Kathy Donovan, who studies poverty and drug use at the University of Regina’s Social Policy Research Unit, calls the city “the most segregated community in Canada.” Hemmed in by the rail lines and busy roadways, North Central has become a ghetto, she says—the unemployment rate for Aboriginals more than triple that of non-natives, the political approach toward problems of crime more reflexively “law and order” than progressive. “This town is a pigsty of repression,” says Donovan, invoking a national newspaper’s even more inflammatory description of the province as “the Mississippi of the North.” But poverty—extreme poverty—is becoming the city’s defining fault, she says. “Regina is the only place I’ve ever heard of where they steal the food out of people’s freezers during break and enters.”
The white police Dodge officer takes off the moment the police officer flicks on the lights. Stomping on the pedal, its young driver weaves in and out of traffic along a busy thoroughfare and then makes a hard right into a Burger King parking lot. For a moment, it seems like he’s boxed in, as the squad car trails behind, tires squealing almost as loud as the siren in the frigid night air. But the Dodge finds an exit, grinding over the curb and back onto the roadway. The car picks up speed and blasts through a red light, narrowly missing the cross-traffic. The chase is over.
Like many of their counterparts, police in Regina have strict rules about high-speed pursuits. The force won’t endanger public safety for a stolen 1991 Dodge Spirit, or any other vehicle. The thieves know that all they have to do to get away is drive fast, or erratically enough, to scare the police off. In this case, all that’s left to do is follow the trail of leaked oil in hopes of recovering the car. Officers find it ditched a few minutes later near the Roughriders football stadium, in the heart of North Central. No one got a good look at the driver, or his young passengers, but the officers figure they’ve probably met them all before, and soon will again. Leaning against his squad car, Sgt. Dean Fedor, a 28-year veteran of the Regina Police, reflects on the changes in his hometown. “When I started out it felt like when you reached out you could connect with maybe one in 100 people and make a difference in their lives. Today it’s more like one in 1,000.” The whole of society has changed, he says. “There’s less respect. And if people don’t respect themselves, they can’t respect other people.”
According to Canada’s Criminal Intelligence Service, Saskatchewan now has the highest per-capita concentration of youth gangs in the country—20 active groups with approximately 1,500 members. Aboriginal gangs like the Native Syndicate, Redd Alert, or recently formed NSK (Native Syndicate Killers) control or cause much of the street-level crime in Regina, says RCMP Staff Sgt. Bob Bazin, the former director of the CIS’s Saskatchewan office. “It all revolves around the drug trade. People have to feed a habit, pay a debt.” Prospective members steal cars, commit B&Es or assaults to establish their bona fides. And increasingly, the gangs are threatening and intimidating people in the community who would report their activities to police.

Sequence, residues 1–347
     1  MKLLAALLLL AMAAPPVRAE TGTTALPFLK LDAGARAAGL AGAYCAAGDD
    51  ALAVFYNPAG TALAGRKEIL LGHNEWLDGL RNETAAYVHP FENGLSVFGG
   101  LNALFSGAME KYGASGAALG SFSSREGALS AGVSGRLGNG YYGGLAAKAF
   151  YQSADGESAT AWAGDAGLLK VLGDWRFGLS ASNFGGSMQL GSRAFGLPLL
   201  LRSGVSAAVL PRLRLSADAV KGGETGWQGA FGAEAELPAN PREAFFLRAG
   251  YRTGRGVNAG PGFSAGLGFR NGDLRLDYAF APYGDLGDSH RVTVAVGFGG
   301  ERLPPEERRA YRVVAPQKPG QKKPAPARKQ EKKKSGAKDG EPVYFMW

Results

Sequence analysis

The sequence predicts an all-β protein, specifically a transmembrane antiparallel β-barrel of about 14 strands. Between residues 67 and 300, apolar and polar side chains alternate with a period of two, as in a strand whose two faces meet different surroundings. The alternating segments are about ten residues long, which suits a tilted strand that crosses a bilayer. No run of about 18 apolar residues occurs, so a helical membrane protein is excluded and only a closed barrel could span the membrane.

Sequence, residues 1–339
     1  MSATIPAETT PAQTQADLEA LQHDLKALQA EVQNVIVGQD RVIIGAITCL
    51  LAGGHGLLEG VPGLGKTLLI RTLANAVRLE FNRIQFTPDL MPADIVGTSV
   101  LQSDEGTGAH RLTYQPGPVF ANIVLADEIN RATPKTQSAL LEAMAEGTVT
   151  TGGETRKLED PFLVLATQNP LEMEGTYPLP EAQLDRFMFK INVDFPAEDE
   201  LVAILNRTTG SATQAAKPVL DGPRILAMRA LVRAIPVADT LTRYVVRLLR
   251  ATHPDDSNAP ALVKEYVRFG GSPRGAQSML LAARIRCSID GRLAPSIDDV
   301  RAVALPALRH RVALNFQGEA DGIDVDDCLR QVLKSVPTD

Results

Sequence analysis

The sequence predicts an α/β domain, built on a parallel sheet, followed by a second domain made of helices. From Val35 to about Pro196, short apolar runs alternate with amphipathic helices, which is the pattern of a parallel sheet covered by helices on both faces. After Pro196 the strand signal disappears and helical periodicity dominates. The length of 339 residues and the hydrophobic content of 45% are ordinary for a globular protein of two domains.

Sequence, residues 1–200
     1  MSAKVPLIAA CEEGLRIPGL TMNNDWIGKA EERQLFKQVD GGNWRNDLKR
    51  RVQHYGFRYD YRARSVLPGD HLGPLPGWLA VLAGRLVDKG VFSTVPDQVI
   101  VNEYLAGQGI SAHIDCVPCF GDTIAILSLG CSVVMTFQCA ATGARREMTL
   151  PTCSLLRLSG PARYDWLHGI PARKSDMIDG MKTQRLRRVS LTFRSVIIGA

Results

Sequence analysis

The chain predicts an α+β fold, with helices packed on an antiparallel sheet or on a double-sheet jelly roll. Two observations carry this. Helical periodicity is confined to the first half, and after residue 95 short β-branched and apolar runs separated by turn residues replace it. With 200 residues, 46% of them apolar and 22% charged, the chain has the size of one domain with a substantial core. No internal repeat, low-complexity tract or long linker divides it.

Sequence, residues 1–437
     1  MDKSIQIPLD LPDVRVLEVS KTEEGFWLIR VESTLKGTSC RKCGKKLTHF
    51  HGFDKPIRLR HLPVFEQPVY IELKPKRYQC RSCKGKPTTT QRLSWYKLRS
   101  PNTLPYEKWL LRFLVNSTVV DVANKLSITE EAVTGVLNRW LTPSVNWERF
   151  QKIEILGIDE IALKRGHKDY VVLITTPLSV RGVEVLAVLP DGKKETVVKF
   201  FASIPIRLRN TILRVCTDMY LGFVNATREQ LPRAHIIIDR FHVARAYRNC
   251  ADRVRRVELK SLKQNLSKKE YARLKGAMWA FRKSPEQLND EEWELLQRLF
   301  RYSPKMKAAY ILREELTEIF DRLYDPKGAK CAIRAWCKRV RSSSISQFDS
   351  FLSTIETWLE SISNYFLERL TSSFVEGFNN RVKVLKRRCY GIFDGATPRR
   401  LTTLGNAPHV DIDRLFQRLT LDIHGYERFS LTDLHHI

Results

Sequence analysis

The province’s jails are a major recruiting ground. By some estimates, as many as 25 per cent of inmates at any given time are members of Aboriginal gangs. The percentage in youth custody is probably even higher. (The Federation of Saskatchewan Indian Nations estimates that six out of 10 youths arrested in the province’s urban centres are native, as are 75 to 90 per cent of those in youth custody.) The gangs’ allure—money, excitement and a ready-made family—is hard for authorities to combat.
“We’re up against a pretty big recruiter, offering pretty big incentives,” says Bazin.
Cal Johnston, Regina’s chief of police, bristles at suggestions his city is sliding toward an American-style problem with gangs, violence and drugs. “I think people who live in Regina know very accurately how safe it actually is.” He prides himself on not making excuses for the high crime numbers, but the chief does offer explanations. People in Regina still report the kind of petty crimes—bicycle thefts, vandalism, etc.—that big city police forces long ago stopped investigating. And some of the force’s own crime-fighting initiatives, like a program that performs 8,000 curfew and bail condition checks a year on repeat offenders, help to drive the charge count up. What Johnston does acknowledge is that his 350 officers work much harder than their counterparts in other parts of the country, dealing with more crimes per capita than almost any other urban centre. “It’s about intensity,” says Johnston. “In Regina, things are very intense and have been for a very long time.”
From the outside, that seems like an understatement. In 2006, Regina had eight murders. The previous year there were also eight, giving the city the second-highest per capita murder rate—3.97 per 100,000 population— among major Canadian centres. (Edmonton was the worst with a rate of 4.29.) Consider the fact that 15 of those killings occurred in North Central and the Core-combined population 15,000—and the problem looks even starker. Nationally, Aboriginals make up three per cent of Canada’s population, but account for 17 per cent of homicide victims, and 23 per cent of those accused of that crime. At least 11 of Regina’s 16 murder victims since the beginning of 2005 were native. The identity of the killers isn’t as clear, since eight of the 16 murders remain unsolved (as of late last year, the Crown was reviewing evidence with an eye to laying charges in one of those cases).
Historically, Regina Police have had one of the best murder “clearance” rates in the country, solving 93.5 per cent of all homicides between 1976 and 2005. No one can explain why the rate has suddenly dipped below 50 per cent. None of the crimes has been officially classified as “gang-related,” although it’s not hard to find people who will tell you differently. (Regina Police follow a policy—perhaps unique in the Western world—of not discussing the circumstances of murders until a case is before the courts, refusing comment on even the method of death.)